The Magical Yewande Komolafe

Yewande Komolafe "tending" to some tiny greens

I get asked to cook at many events, but when my friend Navina Khanna asked me to cook for a HEAL fundraiser at the James Beard House a couple of months ago, I said “of course.” Then I dodged. That sentence needs a lot of unpacking, obviously, but the dinner was this past Monday, and I’m happy to say it was a success. The unpacking:

HEAL stands for Health, Education, Agriculture, Labor; and it’s officially called the HEAL Food Alliance. It was founded by the Food Chain Workers Alliance, the National Black Food and Justice Alliance, Real Food Challenge, and the Union of Concerned Scientists, and now comprises 50 or so organizations. You can read the HEAL platform here (and you can donate to HEAL here). It is, simply put, the best food-oriented organization I know when it comes to understanding and working on re-creating our food system. That’s in large part because it’s an alliance of like-minded and universally awesome groups. (Navina is the director.)

The James Beard House, best known for its annual awards ceremonies, is in the process of doing more serious work on the food system than it ever has. As Mitchell Davis, who’s the JBH’s chief strategy officer, said to me, “This event was part of our newly evolved mission, which we condensed into ‘Good Food for Good.’” That mission is nicely described in this blog post by Mitchell. Kudos.

The “dodge” is that I don’t really cook for forty people without either deferring or getting a load of help. (No one does, really, but I don’t even pretend to know what I’m doing in those situations; I’m not a chef, in that sense.) But this seemed like a good opportunity not only to get some attention for a friend/chef who deserves it, but to introduce a good crowd to some food that they might not otherwise have tried. The friend/chef is Yewande Komolafe, who’s from Nigeria and runs a regular dinner series called "My Immigrant Food Is….” (She's also cooking here, at Glynwood, on November 15th, and some seats are still available.)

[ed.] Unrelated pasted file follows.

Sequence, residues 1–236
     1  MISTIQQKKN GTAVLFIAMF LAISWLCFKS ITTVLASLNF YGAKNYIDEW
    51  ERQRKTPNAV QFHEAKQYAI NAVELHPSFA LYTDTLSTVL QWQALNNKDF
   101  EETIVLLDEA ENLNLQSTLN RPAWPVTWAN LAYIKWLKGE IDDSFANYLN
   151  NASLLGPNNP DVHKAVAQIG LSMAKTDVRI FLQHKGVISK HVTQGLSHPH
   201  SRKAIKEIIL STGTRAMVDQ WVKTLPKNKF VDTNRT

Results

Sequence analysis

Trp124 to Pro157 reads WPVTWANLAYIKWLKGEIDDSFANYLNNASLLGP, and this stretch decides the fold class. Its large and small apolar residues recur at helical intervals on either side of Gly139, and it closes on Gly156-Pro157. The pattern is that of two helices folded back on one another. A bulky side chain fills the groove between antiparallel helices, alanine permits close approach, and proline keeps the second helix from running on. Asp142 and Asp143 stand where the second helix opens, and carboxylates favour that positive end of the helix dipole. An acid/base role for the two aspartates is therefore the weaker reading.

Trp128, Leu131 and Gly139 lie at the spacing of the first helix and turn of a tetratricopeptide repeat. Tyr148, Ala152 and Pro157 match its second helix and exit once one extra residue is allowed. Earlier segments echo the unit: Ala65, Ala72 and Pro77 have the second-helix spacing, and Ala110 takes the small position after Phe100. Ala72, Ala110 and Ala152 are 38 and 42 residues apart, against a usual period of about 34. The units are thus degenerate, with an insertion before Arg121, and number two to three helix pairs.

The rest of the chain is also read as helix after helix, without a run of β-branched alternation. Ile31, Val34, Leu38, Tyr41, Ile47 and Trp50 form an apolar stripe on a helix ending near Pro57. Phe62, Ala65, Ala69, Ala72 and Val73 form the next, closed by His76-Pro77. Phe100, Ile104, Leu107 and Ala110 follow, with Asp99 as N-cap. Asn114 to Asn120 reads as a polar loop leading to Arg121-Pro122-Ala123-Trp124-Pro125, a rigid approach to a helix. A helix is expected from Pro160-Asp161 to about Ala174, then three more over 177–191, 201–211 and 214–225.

Yewande is an awesome cook and, with help from her friends, Beard House staff, my buddy Shawn Hubbell (he of the apple crisp), and a tiny bit from me, she knocked it out of the park. There were many highlights: spiced roasted vegetables (just their aroma drove me wild as soon as they got near me; check out the recipe below) and Yewande’s “I don’t measure when I make it” red sauce, which was used to braise and accent goat and also as a finishing touch on a couple of other dishes. (She makes it by sautéing together tomatoes, bell peppers, onions, and habaneros, then, when it tastes good, pureeing). Also: collard greens wilted without heat but almost cooked, in a palm oil vinaigrette; striped bass in pepper soup; roasted pineapple on tapioca with ginger-coconut sauce…the menu went on, and everything was delicious. A really nice night.

— Mark

Suya spice is generally used as a dry seasoning mix for skewered meats (it is a blend of ground ginger, chili powder and roasted peanut powder, and can be found in African markets or grocery stores, and online, of course). Beef or chicken is generously seasoned with the spice blend and charred over an open flame - a classic Nigerian street food. On hot nights, you can drive through Lagos and spot crowds around a hot grill, a grill master picking skewers off and trading them for cash. Yewande uses the seasoning mix on roasted vegetables; mixed into a quick relish of ginger, scallions and limes; and spooned over everything.


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Questions, comments, brilliant suggestions? Just want to share the recipe for your grandma's potato salad, or your mom's meatloaf, or your uncle Drew's three-day 100-percent rye loaf (yes, please)? Don't hesitate to reach out anytime.